Modern Computational Finance
Modern Computational Finance: AAD and Parallel Simulations, published with Wiley, is out November 13, 2018 (ebook) and November 20 (hardcover) on Amazon, Apple Books and many other places including your favorite book store.
It covers the principles, professional implementation and interaction of three of the key technologies powering modern derivatives systems: parallel computing, Monte-Carlo simulations and automatic adjoint differentiation (AAD), a powerful algorithm that computes thousands of differentials with outstanding speed and accuracy. It is the combination of these technologies, among others, that earned Danske Bank the In-House System of the Year 2015 Risk award.
“It would not be much of an exaggeration to say that Antoine Savine’s book ranks as the 21st century peer to Merton’s ‘Continuous-Time Finance’:
It makes modern computational techniques such as multi-threaded parallel AAD as accessible to finance professionals as Merton’s introduction of stochastic calculus into finance. A first in a three book series authored by Danske Bank’s powerhouse quant team makes intricate concepts inherent to production-quality implementation of AAD easy to understand and follow through.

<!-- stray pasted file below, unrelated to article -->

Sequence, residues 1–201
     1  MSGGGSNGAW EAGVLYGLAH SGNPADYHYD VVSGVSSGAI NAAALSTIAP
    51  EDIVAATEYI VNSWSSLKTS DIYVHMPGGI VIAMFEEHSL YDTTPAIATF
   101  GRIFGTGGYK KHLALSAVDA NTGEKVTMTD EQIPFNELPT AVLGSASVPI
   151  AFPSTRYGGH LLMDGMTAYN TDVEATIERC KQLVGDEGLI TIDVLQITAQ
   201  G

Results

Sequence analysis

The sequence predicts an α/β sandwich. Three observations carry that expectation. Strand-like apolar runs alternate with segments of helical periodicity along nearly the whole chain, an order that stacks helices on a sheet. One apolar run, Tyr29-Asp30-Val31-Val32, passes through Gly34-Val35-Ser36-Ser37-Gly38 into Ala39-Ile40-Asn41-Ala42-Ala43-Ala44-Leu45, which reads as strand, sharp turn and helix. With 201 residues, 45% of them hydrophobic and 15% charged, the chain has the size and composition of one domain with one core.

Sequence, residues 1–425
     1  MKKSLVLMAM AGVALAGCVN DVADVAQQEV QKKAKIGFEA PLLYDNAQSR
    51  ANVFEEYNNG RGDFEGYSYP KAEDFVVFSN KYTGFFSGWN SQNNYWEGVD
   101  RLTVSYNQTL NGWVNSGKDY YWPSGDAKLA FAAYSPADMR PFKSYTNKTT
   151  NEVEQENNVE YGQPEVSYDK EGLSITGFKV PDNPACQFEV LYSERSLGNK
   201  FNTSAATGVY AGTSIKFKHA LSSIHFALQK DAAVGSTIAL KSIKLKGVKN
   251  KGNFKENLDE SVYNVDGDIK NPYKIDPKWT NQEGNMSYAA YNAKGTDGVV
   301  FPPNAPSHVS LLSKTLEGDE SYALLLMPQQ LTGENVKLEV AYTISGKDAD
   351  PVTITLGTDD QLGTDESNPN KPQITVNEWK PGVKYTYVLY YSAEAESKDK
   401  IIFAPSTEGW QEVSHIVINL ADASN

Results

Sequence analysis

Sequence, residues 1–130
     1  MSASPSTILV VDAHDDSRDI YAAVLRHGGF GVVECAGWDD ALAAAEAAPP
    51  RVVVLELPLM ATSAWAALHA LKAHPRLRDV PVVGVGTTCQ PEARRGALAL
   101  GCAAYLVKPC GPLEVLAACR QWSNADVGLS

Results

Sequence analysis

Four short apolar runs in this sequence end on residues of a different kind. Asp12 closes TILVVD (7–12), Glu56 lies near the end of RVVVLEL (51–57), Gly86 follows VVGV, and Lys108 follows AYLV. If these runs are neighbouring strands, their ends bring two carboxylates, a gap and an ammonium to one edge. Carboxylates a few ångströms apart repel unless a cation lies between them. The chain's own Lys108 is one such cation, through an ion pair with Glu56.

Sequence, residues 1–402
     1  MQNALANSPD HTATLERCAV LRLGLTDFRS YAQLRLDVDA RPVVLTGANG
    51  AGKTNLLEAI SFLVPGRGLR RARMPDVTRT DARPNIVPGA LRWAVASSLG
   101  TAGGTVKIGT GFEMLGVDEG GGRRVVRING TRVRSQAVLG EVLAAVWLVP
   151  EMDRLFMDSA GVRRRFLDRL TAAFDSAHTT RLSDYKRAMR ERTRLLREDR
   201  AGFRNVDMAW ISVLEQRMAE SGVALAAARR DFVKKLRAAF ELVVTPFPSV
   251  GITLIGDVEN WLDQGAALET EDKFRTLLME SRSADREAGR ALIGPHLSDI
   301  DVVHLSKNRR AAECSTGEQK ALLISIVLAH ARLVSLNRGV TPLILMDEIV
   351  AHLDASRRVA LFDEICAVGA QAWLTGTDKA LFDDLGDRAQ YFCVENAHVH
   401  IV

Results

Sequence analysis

No other quant finance focused book has gone so deeply into parallel C++ and AAD with such clarity, level of detail and thoroughness. I can hardly wait for the remaining two volumes to see what else the wizards of AAD have up their sleeves.”
Vladimir V. Piterbarg,
Head of Quantitative Analytics and Development at NatWest Markets,
Co-author of the three-volume set “Interest Rate Modeling”
“A passion to instruct
A knack for clarity
An obsession with detail
A luminous writer
An instant classic.”
Head of Quantitative Research, Bloomberg L.P.
TOC and Leif Andersen’s preface
Sobol sequences explained
Section 5.4 provides a self-contained introduction to Sobol sampling, a sharp imoprovement over random sampling in the context of pricing by Monte-Carlo. Sobol sampling is considered a best practice in finance since the pioneering work of Jaeckel and Joe and Kuo in the early 2000s, yet it remains widely misunderstood.
Chapter 13 discusses the check-pointing technique, critical for the practical implermentation of AAD. This is not self contained and probably hard to read in isolation from the rest of part III. It is only shown here to give a taste of the general style of the book.
The book comes with complete, professional C++ code for generic, parallel Monte-Carlo simulations and AAD. The code is freely available on GitHub. It is advised to watch the repo and follow the author to be notified of updates and improvement.
Please leave your own reviews, along questions, comments and suggestions at the bottom of this page, or on the book’s page on GoodReads.
Exercises and assignments
Exercises and assignments are being produced and will be posted separately. In the meantime, interested readers will find below the final hand-in for the computational finance lecture of autumn 2018 at Copenhagen University, where the book is used as curriculum: